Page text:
Summary

Product
Paneer Fresh Cheese
Issue
Food – Microbial Contamination – E. Coli – non-pathogenic
What to do

Do not use, sell, serve or distribute the affected product

Audience
Retail

Mother Dairy brand Paneer Fresh Cheese recalled due to generic E. coli.
The recalled product was sold in Alberta.

Italy – Fresh pure pork sausage / Sausage paste – Salmonella

Salute

Brand : Salumificio F.lli Cavallo SRL

Name : Fresh pure pork sausage / Sausage paste

Reason for reporting : Recall due to microbiological risk

Publication date : 5 August 2022

Documentation

Documentation

Research – New Zealand – National Microbiological Database Programme

MPI

Introduction

This introduction is not part of the Animal Products Notice, but is intended to indicate its general effect.

Purpose

This notice supplements the requirements of the Animal Product Regulations 2021 and sets requirements for microbiological sampling and testing of animal material and animal products intended for human consumption.

Background

The National Microbiological Database (NMD) Programme is a standardised microbiological sampling and testing programme to provide ongoing monitoring of microbiological process control across all industry participants.

Who should read this Animal Products Notice?

You should read this notice if you are:•an operator who processes red meat or poultry intended for human consumption; or•a recognised laboratory that tests red meat or poultry intended for human consumption

Why is this important?

A failure to comply with this notice may be an offence under section 135(1)(c) of the Animal Products Act 1999 and may result in further action by an animal products officer

IAFP 2022: Persistence of Norovirus, Hepatitis A in Low-Moisture Foods

Food Safety.Com

Food Borne Illness - Norovirus -CDC Photo

Hepatitis A and Human Norovirus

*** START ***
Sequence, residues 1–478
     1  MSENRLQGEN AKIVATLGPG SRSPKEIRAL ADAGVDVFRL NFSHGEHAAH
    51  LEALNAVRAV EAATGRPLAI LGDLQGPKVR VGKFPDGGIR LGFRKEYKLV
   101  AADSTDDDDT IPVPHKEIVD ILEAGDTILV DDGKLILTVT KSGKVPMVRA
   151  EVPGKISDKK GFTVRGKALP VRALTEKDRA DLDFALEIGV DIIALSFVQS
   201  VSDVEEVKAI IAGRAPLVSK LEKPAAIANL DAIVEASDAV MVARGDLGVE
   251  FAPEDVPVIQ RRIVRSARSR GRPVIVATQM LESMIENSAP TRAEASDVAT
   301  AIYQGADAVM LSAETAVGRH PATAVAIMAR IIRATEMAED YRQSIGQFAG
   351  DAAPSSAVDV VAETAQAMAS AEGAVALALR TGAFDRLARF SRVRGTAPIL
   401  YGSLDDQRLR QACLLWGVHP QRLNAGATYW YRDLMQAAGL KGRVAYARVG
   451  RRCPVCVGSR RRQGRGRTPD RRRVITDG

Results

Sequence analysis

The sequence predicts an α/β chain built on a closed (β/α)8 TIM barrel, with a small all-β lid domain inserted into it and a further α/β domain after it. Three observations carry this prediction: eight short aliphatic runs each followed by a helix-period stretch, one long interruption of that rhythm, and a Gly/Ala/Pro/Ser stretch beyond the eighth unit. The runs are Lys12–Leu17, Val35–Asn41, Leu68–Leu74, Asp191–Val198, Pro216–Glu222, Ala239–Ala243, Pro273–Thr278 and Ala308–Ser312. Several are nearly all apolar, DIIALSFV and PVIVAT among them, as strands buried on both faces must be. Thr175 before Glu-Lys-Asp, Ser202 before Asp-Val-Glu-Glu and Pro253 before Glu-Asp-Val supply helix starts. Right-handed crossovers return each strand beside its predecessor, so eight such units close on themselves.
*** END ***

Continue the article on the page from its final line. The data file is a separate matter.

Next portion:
Dr. Gibson introduced and gave an overview of the two most relevant enteric viruses in food safety—human Norovirus and Hepatitis A—on which Dr. Jaykus later elaborated. The viruses share several characteristics, such as being resistant to environmental degradation, having a low infectious dose, and shedding from infected individuals at high concentrations. The enteric viruses are also highly persistent on foods and are difficult to inactivate. According to Dr. Jaykus, the viruses can persist on surfaces for days to weeks at room temperature; on foods in water, the viruses can persist for weeks to months if refrigerated, and indefinitely if frozen. Although viral persistence is strong for enteric viruses, the viruses’ survivability depends on the surface, matrix, and temperatures to which they are subject.

Hepatitis A is more common in low-income countries and its common modes of transmission are ready-to-eat (RTE) foods, fresh and frozen produce, and LMFs. Hepatitis A has a public health impact of over 37,000 foodborne cases in the U.S., annually. Norovirus, which causes approximately 5.5 million cases of foodborne illness in the U.S. each year, is mainly transmitted through foods at restaurants due to contamination by infected food handlers; soft, red fruits are also associated with Norovirus due to being hand-harvested. Foods that are handled by humans during harvesting, processing, or preparation are common vehicles for Norovirus as the pathogen can remain infectious and shed from infected individuals for up to eight weeks.

In dry environments, the enteric viruses can transfer between surfaces at a rate of 5–10 percent; in moist environments, the viruses’ rate of transferability increases to over 95 percent. Hepatitis A and Norovirus have also shown to be effective at attaching and sticking to existing biofilms.

Research – Microbiological Safety and Shelf-Life of Low-Salt Meat Products—A Review

MDPI